10 reasons why we are a nation of collectors

At our March meeting Melissa Barnet, Curator of Chippenham Museum, told us that 66% of people are collectors, it being one of the major hobbies in the western world. She stressed that hoarders were not collectors.

Melissa then listed ten reasons for collecting. Firstly, knowledge and learning, which covers museums, asking where does it come from, why, and who did it belong to. Then there is personal pleasure, such as match boxes (curnyxaphilists) and ties (grabatologists). Men tend to use the loft for storage whilst women displayed their collections around the home. Relaxation and stress reduction in the form of car boot sales and collecting clubs were another reason, as is competitive challenge eg to have to acquire the last one in the set. Social interaction and then recognition eg the biggest and the best were the next categories. Altruism has played a huge part – many museum collections started this way eg the Andrew Lloyd Webber and Getty Museums. Control, the need to control, possess and bring to order a small part of the world eg insects; nostalgia eg old toasters or, more recently, oral history; and finally, wealth accumulation such as coin collecting, complete the reasons behind collecting.

Chippenham Museum

Chippenham Museum

Each district is covered by a museum. Chippenham museum ,which covers the Corsham area, was founded in 1963 and serves the whole community. Objects in the collection range from the Neoloithic period to the current day. Items are catalogued, but not everything is on display. They have oil paintings, local postcards (over 7000), Tanner paintings and Melissa is keen to promote Alfred the Great, who a hunting lodge at Chippenham.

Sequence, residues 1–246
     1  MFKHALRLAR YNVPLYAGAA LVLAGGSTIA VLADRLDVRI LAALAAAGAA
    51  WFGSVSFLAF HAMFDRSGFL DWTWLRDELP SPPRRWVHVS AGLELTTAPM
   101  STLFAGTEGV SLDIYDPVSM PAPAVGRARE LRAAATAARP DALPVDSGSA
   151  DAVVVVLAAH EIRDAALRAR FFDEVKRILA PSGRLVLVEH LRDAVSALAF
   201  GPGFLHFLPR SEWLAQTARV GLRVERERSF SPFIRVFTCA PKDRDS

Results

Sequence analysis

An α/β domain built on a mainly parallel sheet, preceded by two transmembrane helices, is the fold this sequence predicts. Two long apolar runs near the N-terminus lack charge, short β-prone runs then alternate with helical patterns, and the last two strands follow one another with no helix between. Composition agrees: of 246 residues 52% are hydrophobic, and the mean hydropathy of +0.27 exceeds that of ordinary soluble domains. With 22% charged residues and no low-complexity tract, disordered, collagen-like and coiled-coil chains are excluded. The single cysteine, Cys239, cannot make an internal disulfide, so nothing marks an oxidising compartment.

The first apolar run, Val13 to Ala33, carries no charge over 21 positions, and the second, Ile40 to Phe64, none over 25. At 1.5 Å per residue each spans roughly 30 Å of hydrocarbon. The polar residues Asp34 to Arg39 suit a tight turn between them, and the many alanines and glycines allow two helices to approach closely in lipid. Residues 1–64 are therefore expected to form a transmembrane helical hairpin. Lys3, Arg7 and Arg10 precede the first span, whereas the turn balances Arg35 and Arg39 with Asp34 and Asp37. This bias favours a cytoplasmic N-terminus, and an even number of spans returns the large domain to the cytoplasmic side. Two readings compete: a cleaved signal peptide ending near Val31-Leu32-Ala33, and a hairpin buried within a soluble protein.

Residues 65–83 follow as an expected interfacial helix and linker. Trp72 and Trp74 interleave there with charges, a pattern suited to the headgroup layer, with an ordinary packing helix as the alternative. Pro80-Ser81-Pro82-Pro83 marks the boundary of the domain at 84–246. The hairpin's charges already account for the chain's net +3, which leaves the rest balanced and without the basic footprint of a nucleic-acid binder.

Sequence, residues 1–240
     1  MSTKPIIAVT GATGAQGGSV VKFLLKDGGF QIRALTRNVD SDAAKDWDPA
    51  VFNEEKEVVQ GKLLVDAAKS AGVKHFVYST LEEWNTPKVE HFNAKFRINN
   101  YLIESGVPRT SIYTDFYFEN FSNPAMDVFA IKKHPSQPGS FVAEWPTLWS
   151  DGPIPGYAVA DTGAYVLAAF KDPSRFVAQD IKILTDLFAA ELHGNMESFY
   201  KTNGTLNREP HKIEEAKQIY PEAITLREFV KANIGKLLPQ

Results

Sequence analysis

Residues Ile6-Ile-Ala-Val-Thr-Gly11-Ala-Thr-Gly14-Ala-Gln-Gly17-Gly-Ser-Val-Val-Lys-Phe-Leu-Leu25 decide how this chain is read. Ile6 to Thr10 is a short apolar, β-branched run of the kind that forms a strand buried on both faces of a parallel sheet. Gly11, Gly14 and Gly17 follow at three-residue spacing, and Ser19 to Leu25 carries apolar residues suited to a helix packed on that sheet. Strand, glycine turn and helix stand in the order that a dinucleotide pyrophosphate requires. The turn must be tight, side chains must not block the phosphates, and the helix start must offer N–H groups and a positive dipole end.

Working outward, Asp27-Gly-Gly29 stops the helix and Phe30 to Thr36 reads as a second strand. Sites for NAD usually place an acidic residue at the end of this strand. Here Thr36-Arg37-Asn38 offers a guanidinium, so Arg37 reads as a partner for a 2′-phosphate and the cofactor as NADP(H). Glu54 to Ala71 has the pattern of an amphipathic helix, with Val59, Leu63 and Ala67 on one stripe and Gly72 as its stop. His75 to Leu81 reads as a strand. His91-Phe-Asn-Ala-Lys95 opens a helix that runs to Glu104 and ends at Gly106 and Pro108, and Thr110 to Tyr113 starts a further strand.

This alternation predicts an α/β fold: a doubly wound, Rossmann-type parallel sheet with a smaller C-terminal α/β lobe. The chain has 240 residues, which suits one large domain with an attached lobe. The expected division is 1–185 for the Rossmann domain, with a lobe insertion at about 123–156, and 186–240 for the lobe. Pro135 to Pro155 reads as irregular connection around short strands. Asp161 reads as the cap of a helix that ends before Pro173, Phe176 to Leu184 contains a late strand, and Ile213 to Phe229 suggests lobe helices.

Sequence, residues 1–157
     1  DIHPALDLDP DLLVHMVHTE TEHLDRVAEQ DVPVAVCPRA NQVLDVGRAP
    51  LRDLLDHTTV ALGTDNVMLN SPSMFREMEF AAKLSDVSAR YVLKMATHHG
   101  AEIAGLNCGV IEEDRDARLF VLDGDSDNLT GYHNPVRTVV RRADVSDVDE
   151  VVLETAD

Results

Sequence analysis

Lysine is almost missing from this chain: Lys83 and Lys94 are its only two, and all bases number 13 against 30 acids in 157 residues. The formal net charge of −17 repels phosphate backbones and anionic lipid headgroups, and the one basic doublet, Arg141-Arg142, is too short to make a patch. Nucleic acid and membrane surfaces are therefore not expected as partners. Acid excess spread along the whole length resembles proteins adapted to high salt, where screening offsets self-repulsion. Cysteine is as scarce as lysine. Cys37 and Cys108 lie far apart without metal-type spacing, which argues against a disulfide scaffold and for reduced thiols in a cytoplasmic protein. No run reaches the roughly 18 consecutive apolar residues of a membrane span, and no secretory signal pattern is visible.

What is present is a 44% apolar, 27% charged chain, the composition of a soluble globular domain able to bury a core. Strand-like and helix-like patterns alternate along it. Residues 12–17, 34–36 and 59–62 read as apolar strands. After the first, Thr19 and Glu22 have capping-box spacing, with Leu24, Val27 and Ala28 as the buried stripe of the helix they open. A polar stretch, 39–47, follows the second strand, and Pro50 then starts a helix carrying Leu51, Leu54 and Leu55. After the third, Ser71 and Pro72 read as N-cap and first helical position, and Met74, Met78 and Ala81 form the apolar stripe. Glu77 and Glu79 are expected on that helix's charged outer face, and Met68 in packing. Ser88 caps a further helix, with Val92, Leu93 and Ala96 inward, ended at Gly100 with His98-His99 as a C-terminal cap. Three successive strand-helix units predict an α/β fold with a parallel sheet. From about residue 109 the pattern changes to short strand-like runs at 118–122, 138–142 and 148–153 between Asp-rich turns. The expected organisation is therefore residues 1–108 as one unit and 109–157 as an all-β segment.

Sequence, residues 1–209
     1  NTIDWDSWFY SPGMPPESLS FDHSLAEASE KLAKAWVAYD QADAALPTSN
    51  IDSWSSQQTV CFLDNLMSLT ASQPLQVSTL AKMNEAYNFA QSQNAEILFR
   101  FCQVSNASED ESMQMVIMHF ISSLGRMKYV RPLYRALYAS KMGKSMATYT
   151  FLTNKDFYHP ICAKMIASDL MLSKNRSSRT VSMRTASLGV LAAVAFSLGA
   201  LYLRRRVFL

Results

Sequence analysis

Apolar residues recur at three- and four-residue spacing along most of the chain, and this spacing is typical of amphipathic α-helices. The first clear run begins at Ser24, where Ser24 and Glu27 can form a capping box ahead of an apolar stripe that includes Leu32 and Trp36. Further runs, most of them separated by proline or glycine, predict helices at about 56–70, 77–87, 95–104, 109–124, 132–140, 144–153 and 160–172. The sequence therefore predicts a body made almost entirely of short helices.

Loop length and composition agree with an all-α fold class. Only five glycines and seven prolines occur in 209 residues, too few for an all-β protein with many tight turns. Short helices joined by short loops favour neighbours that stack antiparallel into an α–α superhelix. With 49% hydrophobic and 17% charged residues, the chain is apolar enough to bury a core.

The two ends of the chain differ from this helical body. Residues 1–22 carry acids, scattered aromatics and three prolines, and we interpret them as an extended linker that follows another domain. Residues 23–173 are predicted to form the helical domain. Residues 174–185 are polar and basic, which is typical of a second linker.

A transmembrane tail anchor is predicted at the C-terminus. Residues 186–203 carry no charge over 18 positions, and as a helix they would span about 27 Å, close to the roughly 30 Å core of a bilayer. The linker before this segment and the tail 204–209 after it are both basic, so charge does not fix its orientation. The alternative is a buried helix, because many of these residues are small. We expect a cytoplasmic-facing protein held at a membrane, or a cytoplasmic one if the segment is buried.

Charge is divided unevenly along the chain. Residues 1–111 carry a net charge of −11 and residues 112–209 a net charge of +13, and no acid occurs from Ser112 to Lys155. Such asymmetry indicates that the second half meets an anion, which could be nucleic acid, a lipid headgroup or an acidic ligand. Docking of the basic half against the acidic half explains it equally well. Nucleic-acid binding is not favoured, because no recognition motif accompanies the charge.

At our April meeting Dr Christopher Kent gave an enlightening talk on the extraordinary figure of George Gay 1771-1833, a local stonemason, composer, poet and organ builder, an “obscure county self-taught musician”. His family were dissenters who worshipped at Monks Chapel. His father Thomas, a quarryman, was crushed by a falling slab of stone aged 66. George was determined to better himself and in 1827 published a volume of sacred music.

After three years work, he completed the organ at Monks Park chapel.

In 1833 he revised and corrected a Collection of Tunes adapted for use by the Weslyan Methodists by Thomas Hawkes of Williton, Somerset. The preface contains reference to the “double G clef”, devised by George, it is said to stop women squawking. George contributed a large number of tunes in the Collection, including “Corsham” and Williton”. Other tunes he wrote were named after local places, such as “Neston”, “Patterdown”, Westrop”, and “Pickwick”.

As a stonemason he played an important part in the building, in 1809, of a bridge over the River Avon, known for its rounded arches.

On 26th July 1833 he committed suicide He is buried at Monks Chapel with his second wife, Jane. His music continued to be played after his death.

Jane Browning

by | Jul 17, 2013 | Review | 0 comments